Just when you think you’ve hit upon something new and exciting, along comes a savvy business that thought of it first. How annoying.
So it was when, after raising the issue of how to make better use of the capital locked up in home equity, Business Spectator got a call from Arthur Naoumidis, chief executive of Domacom – a small start-up that plans to float next year, and which is offering a new investment platform that could radically reshape the way Australians invest (Unleash the property wealth beast, December 23).
To recap on the basic problem raised in November, a mish-mash of tax and superannuation law legislated by Canberra encourages a huge misallocation of resources.
For instance, an individual who chooses to rent homes throughout their lives and puts all their savings into traditional super – like the majority of citizens in many developed countries – is penalised at retirement for being ‘too wealthy’. Meanwhile, an individual who puts all their spare money into buying the biggest house they can afford, and who therefore retires with less income, is not.
Importantly, most super funds hold productive assets, whereas holding a house – particularly an ‘empty nest’ – means the capital locked up doesn’t ‘produce’ anything much.
And yet, rightly, retirees often want to stay in the homes their families grew up in.
Various schemes exist to free up some of that capital – reverse mortgages and other equity release products – but in the past, particularly in countries such as the United Kingdom, many householders lost too much of the asset they wanted to leave to their children. Cowboy operators gave equity release products a bad name.
But what if you could ‘float’ your house in the way a company is sold, in a unitised way, to investors? If you didn’t want to move out, you’d only have to retain a 51 per cent stake.
This, in part, is what Domacom’s new investment platform does.
Naoumidis and a handful of colleagues have spent the past couple of years developing a trading system that allows a home to be bought and sold in a unitised way. It works very much the way a ‘bookbuild’ works when a company needs investors to get an IPO off the ground.
Most importantly, Domacom has spent 13 months working with the Australian Securities and Investments Commission so that their product is registered, regulated and attracts the necessary ASIC ‘reliefs’ to make it legal.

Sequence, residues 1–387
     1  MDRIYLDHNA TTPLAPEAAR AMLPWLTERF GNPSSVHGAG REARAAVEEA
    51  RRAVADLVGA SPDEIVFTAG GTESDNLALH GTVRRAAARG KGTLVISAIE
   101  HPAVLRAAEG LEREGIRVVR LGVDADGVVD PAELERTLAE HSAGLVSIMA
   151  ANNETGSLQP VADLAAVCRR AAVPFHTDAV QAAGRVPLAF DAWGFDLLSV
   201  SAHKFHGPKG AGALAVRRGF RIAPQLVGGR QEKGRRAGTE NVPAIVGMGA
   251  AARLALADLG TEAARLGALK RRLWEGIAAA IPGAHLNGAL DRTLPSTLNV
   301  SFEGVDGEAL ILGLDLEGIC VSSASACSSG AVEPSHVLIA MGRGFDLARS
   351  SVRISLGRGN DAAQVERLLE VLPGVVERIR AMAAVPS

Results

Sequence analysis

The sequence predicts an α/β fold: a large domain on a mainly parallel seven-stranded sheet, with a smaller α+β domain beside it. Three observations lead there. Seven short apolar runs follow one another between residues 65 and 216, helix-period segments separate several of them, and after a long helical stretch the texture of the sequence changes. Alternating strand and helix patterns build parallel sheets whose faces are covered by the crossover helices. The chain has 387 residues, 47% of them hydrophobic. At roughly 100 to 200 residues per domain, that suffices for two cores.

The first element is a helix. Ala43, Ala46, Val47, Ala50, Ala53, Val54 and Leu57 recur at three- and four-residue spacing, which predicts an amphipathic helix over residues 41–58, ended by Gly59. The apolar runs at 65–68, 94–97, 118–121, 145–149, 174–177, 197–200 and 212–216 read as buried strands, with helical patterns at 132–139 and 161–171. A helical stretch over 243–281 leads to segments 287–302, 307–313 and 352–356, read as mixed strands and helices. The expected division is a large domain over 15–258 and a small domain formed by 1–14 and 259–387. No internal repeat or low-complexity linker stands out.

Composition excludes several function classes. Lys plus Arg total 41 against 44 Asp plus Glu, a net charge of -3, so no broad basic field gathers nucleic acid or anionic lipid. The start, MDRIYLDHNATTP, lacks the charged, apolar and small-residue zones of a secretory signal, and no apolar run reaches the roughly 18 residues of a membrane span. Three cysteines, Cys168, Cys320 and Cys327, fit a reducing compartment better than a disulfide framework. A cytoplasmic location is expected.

A mum-and-dad investor wishing to use it must go through a financial planner or accountant – that is, it can’t be mis-used by investors who don’t know what they’re doing.
To see how it works, imagine an investor thinks there are three big growth suburbs in Australia, but they are in different cities. If they were rich, they might buy a house in each – but most investors don’t have that kind of money.
Instead, the investor will build a book on each house through the Domacom platform. For instance, they will see a house in Footscray, Melbourne, offered for sale at $500,000. They might think it’s really worth $600,000, and expect the auction to rise to around this level when it is sold. So they will list the property on the Domacom system, saying they wish to buy, say $100,000 of a $600,000 house.
Other investors can then make offers. The second, for instance, might say they want a $200,000 stake, but think it’s only worth $550,000.
As with any bookbuild, a fairly simple algorithm matches the best bids and optimises the amount to bid at the auction. When various levels of capital are committed, Domacom pays for building inspections, pest inspections and the like – as you would to buy any property.
If it all checks out, a buyer’s advocate bids up to the agreed price on the day. If successful, perhaps a dozen investors will now own the home, and an agent will manage and rent out the property.
That’s all good news for investors. They don’t have to pick any single location to invest in – using unitised properties, they can spread their risk across several cities.
But it’s also good news for Granny Smith, who owns a million dollar house but has too little retirement income. She can now build a book on her own property, but retain the controlling stake. She then rents the other half-stake from the anonymous investors, and when she dies, her descendants will inherit a unitised stake that can be sold down to realise the cash.
In the meantime, Granny Smith drives an Aston Martin.
Okay, it’s not a highly productive asset – but it’s Granny’s money, right?
The political challenge is to begin to address the last-century logic that we must all own our own homes, and that the primary residence is not counted as an asset for super/pension purposes.
The tax/super changes required to effect that would require real political guts, but freeing up so much inaccessible capital is, in the long run, an opportunity Australia can't afford to ignore.
In the next in this series, I will look at other uses for this revolutionary trading platform.